Trump urges judge to deny New York's motion to dismiss state tax return lawsuit

Trump urges judge to deny New York's motion to dismiss state tax return lawsuit
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President TrumpDonald John TrumpThis week: House kicks off public phase of impeachment inquiry Impeachment week: Trump probe hits crucial point Judd Gregg: The big, big and bigger problem MORE argued in a court document filed late Monday that a federal judge should deny a motion to dismiss his lawsuit challenging New York's law that allows Congress to request his tax returns.

The New York officials argued in their motion to dismiss the president's suit that the case should not be heard in federal court in Washington, D.C., and should either be dismissed or heard in federal court in New York. But Trump’s lawyers on Monday argued the New York officials’ motion should either be rejected or should not be ruled on until Congress makes a request for the president’s state tax returns.

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“The New York Defendants’ motion to dismiss should be denied. It is premature, meritless, and futile,” Trump’s lawyers wrote.

Trump, in his capacity as a private citizen, has filed a lawsuit in an effort to prevent House Democrats from obtaining his New York tax returns. The lawsuit names as defendants the Democratic-led House Ways and Means Committee and its chairman, Rep. Richard NealRichard Edmund NealOn The Money: US paid record .1B in tariffs in September | Dems ramp up oversight of 'opportunity zones' | Judge hints at letting House lawsuit over Trump tax returns proceed Judge hints at letting House lawsuit over Trump tax returns proceed Democrats ramp up oversight efforts over 'opportunity zone' incentive MORE (D-Mass.) and its chief tax counsel, Andrew Grossman, as well as New York Attorney General Letitia James and New York tax official Michael Schmidt.

New York enacted a law in July, known as the TRUST Act, that allows the chairs of Congress’s tax committees to request public officials’ state tax returns from the New York Department of Taxation and Finance. Neal has been more focused on trying to obtain Trump’s federal tax returns from the Treasury Department and may not end up seeking the president’s state tax returns.

The New York officials who are defendants in the lawsuit argue that the case should not be heard in D.C. because the federal court in D.C. doesn’t have jurisdiction over them, nor is it the proper venue.

But Trump’s lawyers argued that the New York officials’ motion is premature because the president hasn’t had a chance to conduct discovery on the jurisdiction and venue issues and because Congress has not yet made a request for the president’s state tax returns.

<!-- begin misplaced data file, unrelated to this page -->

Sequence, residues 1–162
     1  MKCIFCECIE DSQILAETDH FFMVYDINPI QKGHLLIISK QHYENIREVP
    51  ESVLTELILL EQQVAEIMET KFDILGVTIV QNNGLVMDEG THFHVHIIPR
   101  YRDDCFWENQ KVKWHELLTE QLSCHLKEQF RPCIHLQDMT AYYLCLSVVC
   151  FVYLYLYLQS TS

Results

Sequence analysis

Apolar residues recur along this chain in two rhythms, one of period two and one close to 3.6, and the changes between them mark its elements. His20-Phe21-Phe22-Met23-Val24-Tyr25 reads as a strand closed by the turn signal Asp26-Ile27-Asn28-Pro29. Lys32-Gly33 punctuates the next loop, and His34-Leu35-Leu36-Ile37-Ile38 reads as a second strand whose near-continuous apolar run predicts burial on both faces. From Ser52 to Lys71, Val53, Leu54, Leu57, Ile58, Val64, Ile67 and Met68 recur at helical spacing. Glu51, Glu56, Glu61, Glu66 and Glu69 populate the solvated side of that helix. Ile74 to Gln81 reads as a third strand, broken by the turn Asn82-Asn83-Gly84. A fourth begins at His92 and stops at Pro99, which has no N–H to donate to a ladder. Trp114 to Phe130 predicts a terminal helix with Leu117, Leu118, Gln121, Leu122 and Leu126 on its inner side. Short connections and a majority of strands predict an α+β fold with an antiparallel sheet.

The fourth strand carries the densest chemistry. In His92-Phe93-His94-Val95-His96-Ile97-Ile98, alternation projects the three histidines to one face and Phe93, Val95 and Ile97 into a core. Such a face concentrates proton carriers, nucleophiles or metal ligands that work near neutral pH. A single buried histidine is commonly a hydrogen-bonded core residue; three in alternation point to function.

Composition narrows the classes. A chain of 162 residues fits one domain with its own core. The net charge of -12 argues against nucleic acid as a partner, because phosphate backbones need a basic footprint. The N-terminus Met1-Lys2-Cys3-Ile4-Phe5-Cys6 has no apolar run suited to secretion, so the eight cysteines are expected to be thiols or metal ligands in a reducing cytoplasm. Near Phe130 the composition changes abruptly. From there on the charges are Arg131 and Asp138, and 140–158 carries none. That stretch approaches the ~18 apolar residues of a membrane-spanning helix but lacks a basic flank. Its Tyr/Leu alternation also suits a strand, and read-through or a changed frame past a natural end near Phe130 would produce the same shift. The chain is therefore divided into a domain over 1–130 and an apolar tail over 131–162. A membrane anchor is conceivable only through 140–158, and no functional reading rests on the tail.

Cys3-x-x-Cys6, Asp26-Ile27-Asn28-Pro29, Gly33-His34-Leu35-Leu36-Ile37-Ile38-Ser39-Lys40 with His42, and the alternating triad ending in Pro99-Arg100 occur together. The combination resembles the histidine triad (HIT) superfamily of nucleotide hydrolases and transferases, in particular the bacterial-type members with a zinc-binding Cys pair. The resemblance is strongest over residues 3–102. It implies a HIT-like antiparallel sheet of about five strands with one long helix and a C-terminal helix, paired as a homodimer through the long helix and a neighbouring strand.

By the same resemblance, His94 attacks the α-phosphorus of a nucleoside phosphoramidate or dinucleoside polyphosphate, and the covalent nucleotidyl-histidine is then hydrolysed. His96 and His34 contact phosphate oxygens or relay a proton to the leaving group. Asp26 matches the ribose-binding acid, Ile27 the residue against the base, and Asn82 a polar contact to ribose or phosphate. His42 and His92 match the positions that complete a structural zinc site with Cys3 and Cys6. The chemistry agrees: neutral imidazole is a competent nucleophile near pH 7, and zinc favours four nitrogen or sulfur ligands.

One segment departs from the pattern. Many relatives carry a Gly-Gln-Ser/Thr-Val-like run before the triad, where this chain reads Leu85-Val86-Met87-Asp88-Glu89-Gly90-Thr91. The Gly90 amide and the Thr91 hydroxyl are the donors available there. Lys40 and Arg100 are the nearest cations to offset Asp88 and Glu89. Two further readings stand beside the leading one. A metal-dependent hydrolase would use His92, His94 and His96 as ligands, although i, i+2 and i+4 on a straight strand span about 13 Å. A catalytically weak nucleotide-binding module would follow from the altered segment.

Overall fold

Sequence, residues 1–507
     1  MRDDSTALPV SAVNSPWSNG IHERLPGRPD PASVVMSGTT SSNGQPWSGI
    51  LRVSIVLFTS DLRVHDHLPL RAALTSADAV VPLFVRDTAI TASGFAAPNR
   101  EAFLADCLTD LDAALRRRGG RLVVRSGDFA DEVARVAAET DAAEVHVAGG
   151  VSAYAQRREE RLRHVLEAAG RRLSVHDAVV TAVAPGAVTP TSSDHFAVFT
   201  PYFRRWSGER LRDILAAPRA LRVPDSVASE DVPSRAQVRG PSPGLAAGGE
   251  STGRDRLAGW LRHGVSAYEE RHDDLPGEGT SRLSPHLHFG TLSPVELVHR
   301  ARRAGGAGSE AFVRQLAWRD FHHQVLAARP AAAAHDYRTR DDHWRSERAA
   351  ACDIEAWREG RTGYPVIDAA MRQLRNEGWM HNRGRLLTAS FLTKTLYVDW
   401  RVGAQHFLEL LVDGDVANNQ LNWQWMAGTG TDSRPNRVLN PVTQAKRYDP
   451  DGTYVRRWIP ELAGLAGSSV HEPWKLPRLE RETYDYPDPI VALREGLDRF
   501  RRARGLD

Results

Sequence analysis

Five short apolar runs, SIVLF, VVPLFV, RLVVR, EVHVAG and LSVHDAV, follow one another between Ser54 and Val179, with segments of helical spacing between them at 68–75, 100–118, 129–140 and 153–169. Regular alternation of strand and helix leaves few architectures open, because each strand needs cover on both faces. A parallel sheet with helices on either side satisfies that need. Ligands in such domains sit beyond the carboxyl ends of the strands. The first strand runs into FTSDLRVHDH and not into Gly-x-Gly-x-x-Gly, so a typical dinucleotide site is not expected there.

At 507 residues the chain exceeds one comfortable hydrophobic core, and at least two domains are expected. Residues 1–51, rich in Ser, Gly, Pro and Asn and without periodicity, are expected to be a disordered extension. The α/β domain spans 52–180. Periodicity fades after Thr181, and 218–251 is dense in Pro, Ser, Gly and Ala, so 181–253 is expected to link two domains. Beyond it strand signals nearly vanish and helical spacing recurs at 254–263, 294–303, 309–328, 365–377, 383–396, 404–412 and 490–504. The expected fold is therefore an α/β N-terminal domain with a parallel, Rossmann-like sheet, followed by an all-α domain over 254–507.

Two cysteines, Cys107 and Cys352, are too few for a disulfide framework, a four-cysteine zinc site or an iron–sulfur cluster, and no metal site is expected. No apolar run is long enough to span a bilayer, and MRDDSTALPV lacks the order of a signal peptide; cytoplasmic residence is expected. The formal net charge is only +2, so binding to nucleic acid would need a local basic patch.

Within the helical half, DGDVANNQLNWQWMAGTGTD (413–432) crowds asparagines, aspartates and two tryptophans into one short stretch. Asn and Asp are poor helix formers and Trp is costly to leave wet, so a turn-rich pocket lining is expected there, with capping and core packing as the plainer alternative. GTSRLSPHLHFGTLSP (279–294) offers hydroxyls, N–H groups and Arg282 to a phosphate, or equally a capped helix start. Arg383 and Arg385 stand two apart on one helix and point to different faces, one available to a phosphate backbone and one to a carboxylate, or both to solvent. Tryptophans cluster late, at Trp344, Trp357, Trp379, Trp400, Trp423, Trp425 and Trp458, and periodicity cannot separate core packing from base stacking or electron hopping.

Trump’s lawyers also argued that the case belongs in federal court in D.C. because the president would be injured by the New York officials disclosing his tax information to a congressional committee in D.C.

“Having concocted a plan to send the President’s tax returns to D.C., with the intent to injure him there, working in close coordination with Congress, the New York Defendants cannot now complain about being hauled into a D.C. court,” they wrote.

Additionally, Trump’s lawyers also argued that the litigation wouldn’t “meaningfully change” if the New York officials’ motion was granted. If the New York officials were dismissed from the case, Trump would continue to pursue the lawsuit against the congressional defendants, and the New York officials might intervene in the case, Trump’s lawyers said.

“If the President can challenge the TRUST Act with or without the New York Defendants, then dismissing them from the case will accomplish nothing,” Trump’s lawyers said.

James said in a statement that Trump's filing makes "preposterous arguments" and that New York is still confident that the TRUST Act is constitutional.

“President Trump has spent his career hiding behind lawsuits, and this one is no different," she said.

A hearing is scheduled on the New York officials’ motion to dismiss on Sept. 18, in federal court in D.C. The judge assigned to the case is Carl Nichols, a Trump appointee.

Under an order Nichols issued last month, New York won’t provide the Ways and Means Committee with any Trump tax returns it requests until one week after Nichols rules on the state’s motion.

- updated at 3:55 p.m. on Sept. 10.